“Excess” is a judgement, implying more than the subject wishes, and may be anywhere from indistinguishable to gross. The surgical techniques will vary only in quantity removed.
Although “drooping” of body parts and stretching of skin is accepted (albeit reluctantly) as a normal concomitant of the aging process, recent medical advances have produced a whole new “unintended consequence” of weight reduction procedures.
Obesity is the new form of malnutrition, not yet at epidemic levels perhaps, but certainly endemic. The subject may lose weight by the very difficult self-denial of food, or by bariatric surgery. This removes the fat from the body, but does not remove the envelope that once contained it, and the skin now hangs in folds which may not bother an elephant but is of concern to most people who do not esteem the shiazu look. This is no longer the supple, elastic, “bounce back” skin of the young person, but has become an inelastic loose substance, and when it is a result of severe weight loss, it encompasses the whole body, limbs as well as torso, and probably also the face.
The issue is not merely a question of being unsightly; the overhanging folds of skin result in abnormal moisture and aggregation of superficial infection, intertrigo, and pose, no matter how scrupulous the subject, difficulty in hygiene. (S)he is left with no remedial choice other than surgical excision of the excess skin.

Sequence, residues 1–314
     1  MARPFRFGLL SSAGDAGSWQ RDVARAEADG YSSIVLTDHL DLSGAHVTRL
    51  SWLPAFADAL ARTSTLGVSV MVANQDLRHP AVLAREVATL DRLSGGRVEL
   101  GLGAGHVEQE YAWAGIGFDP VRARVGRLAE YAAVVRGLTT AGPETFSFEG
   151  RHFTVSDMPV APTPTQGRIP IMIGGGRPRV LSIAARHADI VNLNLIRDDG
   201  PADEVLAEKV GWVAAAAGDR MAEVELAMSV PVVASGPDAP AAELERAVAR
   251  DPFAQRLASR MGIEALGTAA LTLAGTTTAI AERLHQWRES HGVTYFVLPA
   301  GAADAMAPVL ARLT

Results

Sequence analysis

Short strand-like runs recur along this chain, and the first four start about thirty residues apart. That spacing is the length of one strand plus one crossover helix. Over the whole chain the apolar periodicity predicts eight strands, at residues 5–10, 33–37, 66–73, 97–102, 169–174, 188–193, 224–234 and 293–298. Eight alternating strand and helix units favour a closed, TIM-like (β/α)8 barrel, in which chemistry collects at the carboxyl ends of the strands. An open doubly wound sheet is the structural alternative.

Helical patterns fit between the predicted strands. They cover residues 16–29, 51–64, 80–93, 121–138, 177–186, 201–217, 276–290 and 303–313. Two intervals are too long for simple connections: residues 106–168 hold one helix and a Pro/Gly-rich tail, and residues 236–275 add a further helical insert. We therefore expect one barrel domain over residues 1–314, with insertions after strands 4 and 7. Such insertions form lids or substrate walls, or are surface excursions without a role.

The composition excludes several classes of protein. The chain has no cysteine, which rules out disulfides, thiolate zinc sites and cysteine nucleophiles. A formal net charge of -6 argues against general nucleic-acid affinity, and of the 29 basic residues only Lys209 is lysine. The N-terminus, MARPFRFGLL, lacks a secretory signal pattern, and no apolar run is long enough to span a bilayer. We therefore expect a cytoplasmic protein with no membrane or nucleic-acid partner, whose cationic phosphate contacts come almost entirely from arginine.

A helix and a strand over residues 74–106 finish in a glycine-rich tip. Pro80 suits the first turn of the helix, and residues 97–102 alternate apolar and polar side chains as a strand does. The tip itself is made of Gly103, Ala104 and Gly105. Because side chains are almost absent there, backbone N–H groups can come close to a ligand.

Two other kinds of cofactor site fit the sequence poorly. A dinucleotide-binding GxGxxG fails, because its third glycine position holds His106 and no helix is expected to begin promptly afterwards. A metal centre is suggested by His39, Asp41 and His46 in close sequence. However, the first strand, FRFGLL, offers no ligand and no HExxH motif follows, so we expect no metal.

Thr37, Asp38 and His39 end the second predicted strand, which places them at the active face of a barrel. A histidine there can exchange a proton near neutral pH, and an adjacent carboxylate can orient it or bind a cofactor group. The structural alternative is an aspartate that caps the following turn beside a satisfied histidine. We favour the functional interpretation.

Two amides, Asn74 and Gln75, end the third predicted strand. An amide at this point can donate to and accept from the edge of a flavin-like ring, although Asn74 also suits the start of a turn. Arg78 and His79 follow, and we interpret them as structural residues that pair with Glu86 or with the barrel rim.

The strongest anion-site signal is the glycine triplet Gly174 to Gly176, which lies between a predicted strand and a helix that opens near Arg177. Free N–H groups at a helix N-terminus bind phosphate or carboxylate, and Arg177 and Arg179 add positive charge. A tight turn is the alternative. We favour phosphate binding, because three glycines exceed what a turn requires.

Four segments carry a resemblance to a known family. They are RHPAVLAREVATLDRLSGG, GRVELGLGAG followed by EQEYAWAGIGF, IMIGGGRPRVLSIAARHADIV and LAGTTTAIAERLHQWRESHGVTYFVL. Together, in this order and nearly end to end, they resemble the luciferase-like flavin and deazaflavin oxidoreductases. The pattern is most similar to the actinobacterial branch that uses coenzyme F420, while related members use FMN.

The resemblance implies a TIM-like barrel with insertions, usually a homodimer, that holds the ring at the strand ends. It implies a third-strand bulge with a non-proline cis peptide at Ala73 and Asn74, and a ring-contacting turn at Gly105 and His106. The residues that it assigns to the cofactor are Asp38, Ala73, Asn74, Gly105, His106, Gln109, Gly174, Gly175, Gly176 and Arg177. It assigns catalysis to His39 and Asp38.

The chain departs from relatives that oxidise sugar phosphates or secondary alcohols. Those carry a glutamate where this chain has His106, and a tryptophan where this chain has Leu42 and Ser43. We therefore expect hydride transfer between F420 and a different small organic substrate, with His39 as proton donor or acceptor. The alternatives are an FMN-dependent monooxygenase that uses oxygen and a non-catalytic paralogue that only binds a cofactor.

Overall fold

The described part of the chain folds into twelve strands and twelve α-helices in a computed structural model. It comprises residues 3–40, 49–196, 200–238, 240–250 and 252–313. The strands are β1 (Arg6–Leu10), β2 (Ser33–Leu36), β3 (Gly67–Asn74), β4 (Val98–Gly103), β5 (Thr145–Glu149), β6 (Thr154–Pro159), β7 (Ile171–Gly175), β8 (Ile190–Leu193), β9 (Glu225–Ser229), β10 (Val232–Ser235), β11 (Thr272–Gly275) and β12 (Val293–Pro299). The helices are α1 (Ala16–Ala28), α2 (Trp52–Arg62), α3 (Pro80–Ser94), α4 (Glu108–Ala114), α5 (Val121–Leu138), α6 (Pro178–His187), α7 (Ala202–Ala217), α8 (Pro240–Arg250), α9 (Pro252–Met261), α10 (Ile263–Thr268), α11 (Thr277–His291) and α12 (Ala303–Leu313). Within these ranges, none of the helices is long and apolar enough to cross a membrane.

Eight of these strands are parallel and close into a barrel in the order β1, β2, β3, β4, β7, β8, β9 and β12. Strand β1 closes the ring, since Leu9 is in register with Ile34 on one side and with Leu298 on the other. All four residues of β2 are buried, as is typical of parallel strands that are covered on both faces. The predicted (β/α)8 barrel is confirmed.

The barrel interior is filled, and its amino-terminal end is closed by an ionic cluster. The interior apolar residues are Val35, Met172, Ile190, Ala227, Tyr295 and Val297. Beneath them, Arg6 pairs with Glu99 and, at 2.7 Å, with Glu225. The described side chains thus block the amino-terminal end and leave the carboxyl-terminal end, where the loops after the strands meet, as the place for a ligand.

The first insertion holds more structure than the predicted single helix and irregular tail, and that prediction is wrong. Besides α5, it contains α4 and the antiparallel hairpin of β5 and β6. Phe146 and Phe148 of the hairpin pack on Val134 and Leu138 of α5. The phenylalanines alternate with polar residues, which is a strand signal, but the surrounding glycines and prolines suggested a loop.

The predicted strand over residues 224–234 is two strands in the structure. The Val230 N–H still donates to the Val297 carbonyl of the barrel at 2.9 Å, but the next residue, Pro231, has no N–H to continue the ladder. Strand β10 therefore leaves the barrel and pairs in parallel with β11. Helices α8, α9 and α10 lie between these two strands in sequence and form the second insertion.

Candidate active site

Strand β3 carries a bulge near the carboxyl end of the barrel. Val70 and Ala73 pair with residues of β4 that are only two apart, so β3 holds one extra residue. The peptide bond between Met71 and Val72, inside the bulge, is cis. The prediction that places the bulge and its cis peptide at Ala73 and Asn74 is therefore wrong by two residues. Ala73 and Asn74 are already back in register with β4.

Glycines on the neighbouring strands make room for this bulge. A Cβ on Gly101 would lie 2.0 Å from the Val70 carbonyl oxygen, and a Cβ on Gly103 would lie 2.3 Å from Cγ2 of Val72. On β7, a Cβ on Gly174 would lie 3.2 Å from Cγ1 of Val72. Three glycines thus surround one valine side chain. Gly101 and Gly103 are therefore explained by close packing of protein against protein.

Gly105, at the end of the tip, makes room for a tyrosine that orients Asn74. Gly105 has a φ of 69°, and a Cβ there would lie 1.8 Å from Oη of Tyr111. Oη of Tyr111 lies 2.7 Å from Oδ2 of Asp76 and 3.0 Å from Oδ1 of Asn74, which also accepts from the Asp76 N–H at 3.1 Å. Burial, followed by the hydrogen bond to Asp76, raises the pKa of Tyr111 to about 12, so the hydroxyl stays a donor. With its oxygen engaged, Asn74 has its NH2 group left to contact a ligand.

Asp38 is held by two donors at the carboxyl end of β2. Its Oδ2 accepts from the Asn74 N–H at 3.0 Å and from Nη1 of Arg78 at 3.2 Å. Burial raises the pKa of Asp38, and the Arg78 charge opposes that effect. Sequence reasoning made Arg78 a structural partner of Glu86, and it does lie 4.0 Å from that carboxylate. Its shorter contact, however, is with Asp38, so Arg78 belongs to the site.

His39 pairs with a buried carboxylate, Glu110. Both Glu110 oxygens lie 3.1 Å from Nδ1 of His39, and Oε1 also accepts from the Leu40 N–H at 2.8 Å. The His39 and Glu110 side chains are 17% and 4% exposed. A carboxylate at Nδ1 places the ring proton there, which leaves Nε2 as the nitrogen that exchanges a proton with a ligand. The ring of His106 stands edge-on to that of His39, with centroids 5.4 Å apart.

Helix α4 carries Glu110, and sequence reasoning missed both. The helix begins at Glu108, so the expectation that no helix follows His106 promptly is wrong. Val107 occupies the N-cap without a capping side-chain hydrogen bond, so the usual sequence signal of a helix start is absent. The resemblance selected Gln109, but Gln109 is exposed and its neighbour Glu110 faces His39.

Although the need for surgery may be obvious, timing is of great concern. The procedures in general should not commence until two years after the weight loss program started nor less than one year after weight has stabilized, by which time what natural reduction in skin substance that might occur has already happened.
The risk to the patient lies less in the surgery than in general health. Many excessively (morbidly) obese persons suffer from the metabolic syndrome, a combination of conditions such as high blood pressure, coronary artery disease and Type 2 diabetes. Their medical status must be brought as close to normal as possible and full attention given to it by anesthesiologist and surgeon; the co-operation of an internist specialising in this field might be sought. Many surgeons will require that the patient no longer uses tobacco.
Among the issues for the patient to understand before making his decision: realistic expectations of surgery, understanding there will be several procedures, each of which leaves a scar and all of which are likely to be followed by a period of depression; (s)he must also know whether medical insurance will pay for what they may term “cosmetic” procedures.
Among the procedures that might be involved are: panniculectomy; “tummy tuck” (abdominoplasty); ventral hernia repair (herniorrhaphy); belt lipectomy (body lift); breast lift (mastopexy) and/or reduction; skin removed from arms (brachioplasty); face lift.